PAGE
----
History of Stockings: the 19th Century
I have not seen many early advertisements for stockings, but the Sears catalogue for 1908 has several pages devoted to them. Strictly speaking, this is actually the 20th Century, but the period before the first world war was effectively a continuation of the 19th Century.
Most of the stockings offered appear to be what would now be called ‘ fully fashioned’, although the term itself had not yet been invented, but several styles of ‘seamless’ stockings are listed.
Most are fine cotton, or lisle, several are wool, and one, of mercerised cotton, is described as ‘silk finish’. Most are black, a few are white or unbleached, and one is offered in blue. One has unbleached feet and another unbleached soles (in these the feet are off-white).
Other options include ‘fleece lined’, ‘double sole’ and spare feet, which could be sewn on when the original feet wore out.
At first glance you might be tempted to think that the stocking on the left was made of silk, but when you read carefully you find that it is only mercerised cotton. Mercerising is a process in which the finished garment is ironed with a hot iron, giving the garment a smooth shiny 'silk like' finish.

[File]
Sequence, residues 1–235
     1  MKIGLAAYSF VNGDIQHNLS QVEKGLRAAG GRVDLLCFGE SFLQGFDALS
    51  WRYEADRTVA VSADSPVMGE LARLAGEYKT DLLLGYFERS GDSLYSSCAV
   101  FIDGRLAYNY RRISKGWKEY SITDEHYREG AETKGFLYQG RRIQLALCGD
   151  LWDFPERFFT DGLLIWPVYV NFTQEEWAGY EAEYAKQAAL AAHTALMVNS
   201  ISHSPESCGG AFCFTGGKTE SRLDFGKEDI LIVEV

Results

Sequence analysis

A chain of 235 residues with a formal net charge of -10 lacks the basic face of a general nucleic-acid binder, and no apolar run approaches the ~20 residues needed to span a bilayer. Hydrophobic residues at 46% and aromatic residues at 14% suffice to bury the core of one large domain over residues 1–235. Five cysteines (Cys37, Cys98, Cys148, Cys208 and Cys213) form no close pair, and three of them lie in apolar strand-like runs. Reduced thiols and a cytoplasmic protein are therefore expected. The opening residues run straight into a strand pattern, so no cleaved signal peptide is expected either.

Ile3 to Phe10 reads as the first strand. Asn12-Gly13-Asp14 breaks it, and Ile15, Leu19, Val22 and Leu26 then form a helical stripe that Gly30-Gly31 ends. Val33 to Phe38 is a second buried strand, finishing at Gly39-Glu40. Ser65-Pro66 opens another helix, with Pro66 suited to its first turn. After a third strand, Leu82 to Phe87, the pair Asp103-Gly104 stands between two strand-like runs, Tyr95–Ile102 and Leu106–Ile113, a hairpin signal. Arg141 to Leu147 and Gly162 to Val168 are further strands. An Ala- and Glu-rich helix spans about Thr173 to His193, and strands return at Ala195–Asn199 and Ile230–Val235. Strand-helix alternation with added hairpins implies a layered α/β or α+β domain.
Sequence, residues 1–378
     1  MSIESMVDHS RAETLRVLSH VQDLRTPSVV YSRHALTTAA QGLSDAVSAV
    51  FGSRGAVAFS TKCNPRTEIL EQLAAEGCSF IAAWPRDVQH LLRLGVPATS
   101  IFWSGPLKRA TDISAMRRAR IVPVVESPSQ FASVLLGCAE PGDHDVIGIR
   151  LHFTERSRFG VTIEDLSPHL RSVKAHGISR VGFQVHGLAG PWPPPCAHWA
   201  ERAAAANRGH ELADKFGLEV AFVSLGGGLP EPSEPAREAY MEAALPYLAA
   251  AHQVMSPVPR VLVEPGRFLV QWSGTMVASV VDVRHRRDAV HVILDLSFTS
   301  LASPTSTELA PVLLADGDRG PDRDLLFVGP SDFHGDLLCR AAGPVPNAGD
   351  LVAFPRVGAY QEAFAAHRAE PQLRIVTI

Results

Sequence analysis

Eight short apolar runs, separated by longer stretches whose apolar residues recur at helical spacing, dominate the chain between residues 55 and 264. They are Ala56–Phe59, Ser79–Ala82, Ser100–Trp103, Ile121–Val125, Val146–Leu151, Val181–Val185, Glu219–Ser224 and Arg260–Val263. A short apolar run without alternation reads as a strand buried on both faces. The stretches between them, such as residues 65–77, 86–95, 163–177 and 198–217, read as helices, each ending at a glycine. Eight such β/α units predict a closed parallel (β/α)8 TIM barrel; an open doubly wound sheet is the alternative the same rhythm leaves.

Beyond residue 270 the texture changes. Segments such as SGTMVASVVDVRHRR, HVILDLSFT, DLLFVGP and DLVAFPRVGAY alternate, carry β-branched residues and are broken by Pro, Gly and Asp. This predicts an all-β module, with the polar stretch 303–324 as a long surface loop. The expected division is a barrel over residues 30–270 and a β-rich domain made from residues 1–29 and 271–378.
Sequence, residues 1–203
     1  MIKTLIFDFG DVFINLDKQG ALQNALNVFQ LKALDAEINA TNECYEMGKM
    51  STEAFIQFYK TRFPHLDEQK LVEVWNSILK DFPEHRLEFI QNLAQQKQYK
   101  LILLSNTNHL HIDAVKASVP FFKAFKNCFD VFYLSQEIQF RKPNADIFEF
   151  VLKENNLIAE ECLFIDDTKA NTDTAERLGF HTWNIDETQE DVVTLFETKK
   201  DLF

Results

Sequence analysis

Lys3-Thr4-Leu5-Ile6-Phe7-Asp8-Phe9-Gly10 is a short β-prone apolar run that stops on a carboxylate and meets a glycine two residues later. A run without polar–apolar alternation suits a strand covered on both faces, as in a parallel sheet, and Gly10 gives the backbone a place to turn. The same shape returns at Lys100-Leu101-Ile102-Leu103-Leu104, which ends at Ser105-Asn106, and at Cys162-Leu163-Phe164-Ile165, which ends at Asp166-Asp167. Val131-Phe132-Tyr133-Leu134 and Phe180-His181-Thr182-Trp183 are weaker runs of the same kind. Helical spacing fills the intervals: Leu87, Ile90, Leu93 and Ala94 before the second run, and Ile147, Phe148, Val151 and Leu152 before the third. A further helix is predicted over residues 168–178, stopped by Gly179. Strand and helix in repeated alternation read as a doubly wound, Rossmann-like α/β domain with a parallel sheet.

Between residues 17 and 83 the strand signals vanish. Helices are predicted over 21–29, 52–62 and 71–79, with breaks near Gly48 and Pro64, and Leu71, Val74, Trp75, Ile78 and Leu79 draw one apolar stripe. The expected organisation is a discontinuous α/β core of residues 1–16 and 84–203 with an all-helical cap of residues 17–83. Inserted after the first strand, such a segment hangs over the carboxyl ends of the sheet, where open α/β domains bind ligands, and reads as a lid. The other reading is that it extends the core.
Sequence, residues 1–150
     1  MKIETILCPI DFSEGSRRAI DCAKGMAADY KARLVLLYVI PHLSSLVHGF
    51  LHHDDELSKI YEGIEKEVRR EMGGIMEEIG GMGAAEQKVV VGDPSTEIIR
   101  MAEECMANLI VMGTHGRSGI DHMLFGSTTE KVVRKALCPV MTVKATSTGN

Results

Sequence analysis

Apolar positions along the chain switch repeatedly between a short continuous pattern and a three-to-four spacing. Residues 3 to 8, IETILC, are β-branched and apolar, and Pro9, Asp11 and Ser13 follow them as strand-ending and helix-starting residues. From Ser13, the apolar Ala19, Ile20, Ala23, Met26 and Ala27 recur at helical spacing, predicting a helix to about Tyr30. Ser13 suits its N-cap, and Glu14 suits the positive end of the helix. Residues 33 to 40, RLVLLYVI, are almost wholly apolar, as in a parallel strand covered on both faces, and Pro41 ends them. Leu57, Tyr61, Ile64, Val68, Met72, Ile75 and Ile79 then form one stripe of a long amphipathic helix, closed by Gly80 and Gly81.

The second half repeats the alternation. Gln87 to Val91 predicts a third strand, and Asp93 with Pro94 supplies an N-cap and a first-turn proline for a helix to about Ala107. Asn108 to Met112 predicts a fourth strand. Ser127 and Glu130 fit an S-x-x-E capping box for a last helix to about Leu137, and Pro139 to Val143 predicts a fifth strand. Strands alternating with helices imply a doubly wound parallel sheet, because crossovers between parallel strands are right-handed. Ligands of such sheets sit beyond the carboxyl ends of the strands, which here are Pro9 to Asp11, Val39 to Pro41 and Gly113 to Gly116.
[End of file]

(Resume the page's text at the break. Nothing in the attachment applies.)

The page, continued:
Presumably this stocking has a seam, and shaping in the leg and foot, so that in modern parlance it would be described as a 'fully fashioned' stocking.
The stocking on the right is a seamless stocking, ‘made from two threads of the best combed cotton’. It is not clear how the shaping is achieved.
This stocking is knitted in an elastic ribbed pattern.
The stockings on the right are embroidered with a variety of fancy patterns. As before the 'extra fine silk embroidered hosiery', far right, is still actually black cotton. Apparently the only silk is in the thread used for the embroidery. This stocking, at 37c a pair, is among the most expensive in the catalogue. The most expensive stocking is an extra heavy ribbed wool stocking at 51c a pair, and the cheapest are just under 10c per pair
These stockings are knitted in a variety of fancy lace patterns.
The Art of Corsetry Ed: Bunyip Bluegum
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